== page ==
November 7, 2017
If a piece of music has nonmusical inspirations or associations, it’s tempting to try hearing a narrative, even when the music resists by being ambiguous. On Friday evening at Davies Hall, the San Francisco Symphony programmed two works — Bernstein’s Age of Anxiety and Richard Strauss’s Ein Heldenleben — that illustrated this curious point.
W.H. Auden wrote his long poem titled The Age of Anxiety: A Baroque Eclogue in 1944 while living in New York. It’s basically about four strangers meeting at a bar and trying to make sense of life in their modern, wartime world. Although Bernstein did not set out to paint the poem’s plot in music, after finishing his Age of Anxiety symphony he said he was surprised by the extent to which he indeed did. Auden disagreed, and once stated that Bernstein’s piece had little to do with his text.
Regardless of how much you think they relate, the musical form follows the poetic, and spans six brief sections. Wandering and introspective, the symphony opened with quiet, dovetailing clarinet lines that sounded, in the SFS performance, like dazed soldiers wearing wide, thousand-yard stares.
The renowned pianist Jean-Yves Thibaudet soon joined the conversation. But this is not a traditional solo with stomping, flashy technique that makes one individual stand out from the rest of the ensemble. (Though Thibaudet surely did impress — the audience gave him three rounds of applause.) The piece requires subtler and more wide-ranging virtuosity. For example, the mood often felt subdued and ruminative, and Thibaudet was often the glue tying the whole ensemble together.
Although the opening theme threads through the whole work, the sections can also sound episodic. The fifth one amounts to a jazz combo between the pianist and percussionists. Thibaudet dazzled before leading to the epilogue and the return of the opening theme. There are elements in this closing number — such as trumpet fanfares, string-led swells, and dramatic crescendos — that usually indicate a transformation into triumph. Arguably, though, the piece ends with the inquisitive, uncertain vibe of the opening simply resounding much more loudly. Friday’s performance marvelously captured this elusiveness.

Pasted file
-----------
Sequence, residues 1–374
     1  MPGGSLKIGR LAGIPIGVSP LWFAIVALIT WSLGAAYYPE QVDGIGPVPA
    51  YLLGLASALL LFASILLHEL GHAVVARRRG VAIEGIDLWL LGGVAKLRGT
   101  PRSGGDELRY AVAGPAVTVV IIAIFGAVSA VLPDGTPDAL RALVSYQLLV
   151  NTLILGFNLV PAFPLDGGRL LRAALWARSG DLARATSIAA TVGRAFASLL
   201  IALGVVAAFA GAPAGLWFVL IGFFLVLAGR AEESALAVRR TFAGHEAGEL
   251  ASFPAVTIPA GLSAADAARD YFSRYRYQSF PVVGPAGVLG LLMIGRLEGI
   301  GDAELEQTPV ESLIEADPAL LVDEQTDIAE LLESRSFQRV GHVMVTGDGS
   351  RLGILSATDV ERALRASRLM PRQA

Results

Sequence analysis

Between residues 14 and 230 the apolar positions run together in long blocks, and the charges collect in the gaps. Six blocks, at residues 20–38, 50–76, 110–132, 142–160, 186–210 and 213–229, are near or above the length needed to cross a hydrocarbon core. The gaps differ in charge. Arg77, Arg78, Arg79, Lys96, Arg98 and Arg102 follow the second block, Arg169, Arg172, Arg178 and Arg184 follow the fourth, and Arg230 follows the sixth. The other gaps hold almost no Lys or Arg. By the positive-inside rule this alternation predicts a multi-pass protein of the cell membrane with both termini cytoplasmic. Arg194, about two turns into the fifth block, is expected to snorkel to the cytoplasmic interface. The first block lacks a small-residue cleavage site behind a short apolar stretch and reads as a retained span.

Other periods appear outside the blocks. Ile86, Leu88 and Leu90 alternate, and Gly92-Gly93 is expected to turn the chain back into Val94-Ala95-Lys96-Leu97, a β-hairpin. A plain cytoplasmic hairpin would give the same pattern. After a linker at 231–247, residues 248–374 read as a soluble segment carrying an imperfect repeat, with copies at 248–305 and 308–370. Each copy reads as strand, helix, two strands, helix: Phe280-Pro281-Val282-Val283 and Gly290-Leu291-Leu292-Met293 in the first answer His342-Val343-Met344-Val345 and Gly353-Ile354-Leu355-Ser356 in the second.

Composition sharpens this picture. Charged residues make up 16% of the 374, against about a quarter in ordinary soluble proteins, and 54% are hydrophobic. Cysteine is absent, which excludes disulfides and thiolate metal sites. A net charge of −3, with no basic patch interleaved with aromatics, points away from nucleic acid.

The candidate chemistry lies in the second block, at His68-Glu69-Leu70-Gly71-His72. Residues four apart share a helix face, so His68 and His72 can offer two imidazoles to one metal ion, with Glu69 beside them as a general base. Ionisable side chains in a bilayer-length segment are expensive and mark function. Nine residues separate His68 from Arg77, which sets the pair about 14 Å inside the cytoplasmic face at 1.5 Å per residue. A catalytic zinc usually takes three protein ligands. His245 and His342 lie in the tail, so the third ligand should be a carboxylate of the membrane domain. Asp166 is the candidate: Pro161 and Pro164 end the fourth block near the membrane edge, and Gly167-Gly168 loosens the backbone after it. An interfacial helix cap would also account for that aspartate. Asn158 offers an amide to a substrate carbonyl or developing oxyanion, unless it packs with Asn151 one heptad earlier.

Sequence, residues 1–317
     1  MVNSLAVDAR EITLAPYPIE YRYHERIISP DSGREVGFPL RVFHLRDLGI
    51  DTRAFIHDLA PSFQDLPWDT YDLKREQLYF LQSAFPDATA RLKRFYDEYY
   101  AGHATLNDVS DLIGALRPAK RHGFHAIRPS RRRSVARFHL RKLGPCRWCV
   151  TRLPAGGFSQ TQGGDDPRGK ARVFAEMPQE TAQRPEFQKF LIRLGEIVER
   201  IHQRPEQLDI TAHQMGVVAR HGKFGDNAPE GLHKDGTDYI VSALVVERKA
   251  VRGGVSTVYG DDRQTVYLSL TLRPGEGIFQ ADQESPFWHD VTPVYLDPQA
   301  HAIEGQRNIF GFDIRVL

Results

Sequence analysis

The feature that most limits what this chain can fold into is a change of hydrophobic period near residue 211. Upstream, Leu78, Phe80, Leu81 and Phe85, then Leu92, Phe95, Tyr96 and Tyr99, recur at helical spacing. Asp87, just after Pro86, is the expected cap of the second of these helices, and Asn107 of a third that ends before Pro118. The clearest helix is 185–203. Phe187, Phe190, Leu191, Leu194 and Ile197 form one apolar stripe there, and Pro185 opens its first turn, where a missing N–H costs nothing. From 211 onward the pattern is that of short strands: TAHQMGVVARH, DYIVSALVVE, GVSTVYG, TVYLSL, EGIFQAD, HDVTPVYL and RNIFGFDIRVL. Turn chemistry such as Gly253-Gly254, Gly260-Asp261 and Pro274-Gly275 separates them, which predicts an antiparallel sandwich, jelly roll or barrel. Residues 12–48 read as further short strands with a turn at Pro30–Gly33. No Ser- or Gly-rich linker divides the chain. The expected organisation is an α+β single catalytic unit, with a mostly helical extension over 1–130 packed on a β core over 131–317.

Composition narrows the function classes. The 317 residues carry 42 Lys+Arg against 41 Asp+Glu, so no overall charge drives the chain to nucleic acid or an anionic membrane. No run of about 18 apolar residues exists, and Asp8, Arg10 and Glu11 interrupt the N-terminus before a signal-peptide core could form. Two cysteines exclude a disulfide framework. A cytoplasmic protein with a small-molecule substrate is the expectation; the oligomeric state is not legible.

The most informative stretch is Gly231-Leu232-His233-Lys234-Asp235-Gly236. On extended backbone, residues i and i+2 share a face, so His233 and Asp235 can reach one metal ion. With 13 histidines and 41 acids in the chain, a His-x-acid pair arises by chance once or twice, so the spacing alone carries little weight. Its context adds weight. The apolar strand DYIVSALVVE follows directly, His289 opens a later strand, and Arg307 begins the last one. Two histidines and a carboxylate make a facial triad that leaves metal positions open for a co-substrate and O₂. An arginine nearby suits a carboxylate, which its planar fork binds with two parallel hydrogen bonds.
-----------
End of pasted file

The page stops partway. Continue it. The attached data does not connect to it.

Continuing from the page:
In the final years of the 19th Century, Strauss composed his eighth symphonic poem, Ein Heldenleben (A Hero’s Life). It’s in E-flat major, the same key as Beethoven’s “Eroica” Symphony. As the program notes explained, writing a piece that evoked Beethoven’s was a bit daring because Beethoven’s symphony was actually unpopular with conductors at the time.
Whereas Bernstein’s piece was clearly inspired by Auden’s poem, Ein Heldenleben is famous for inviting the question of who the hero was even supposed to be. Most say the piece is autobiographical, especially because it quotes or alludes to earlier works by Strauss. And at least one section was inspired by the composer’s wife, the opera singer Pauline de Ahna.
This piece is also in six sections. In contrast to the Bernstein, it opened with sweeping, full-blown fin-de-siècle orchestration to represent the work’s protagonist. Then came “The Hero’s adversaries,” full of noodling winds and heavy brass. But “The Hero’s Companion” was far more interesting. Presumably an ode to his wife — whom Strauss described as “complex” and “never twice alike” — this extended section features a violin solo that was performed by Alexander Barantschik. At times intricate, at others flirtatious, and at times echoing the orchestra’s beautiful melody, Barantschik ingeniously conveyed the complexities that Strauss appreciated in Pauline.
After a battle scene, there was an allusion-filled number that, according to the subtitle, is about peace. Surely, Strauss reworked themes from previous works into a cascading, fluid, breathtaking orchestral landscape. It gave way to the finale, “The Hero’s Retreat from the World and Completion.” As this subtitle indicates, it’s uncertain whether the work’s protagonist ends up resigned or instead fulfilled. Amid a sublime orchestra, the solo violin returned at the end with a delicate, tender line that seemed to want to fade into oblivion. But the brass and timpani simultaneously wanted transcendence or transfiguration.
These two works were a wonderfully puzzling pair. They proved that associating music with narrative need not necessarily diminish music’s abstract nature. And the ambiguities in Age of Anxiety and Ein Heldenleben enticingly intrigued.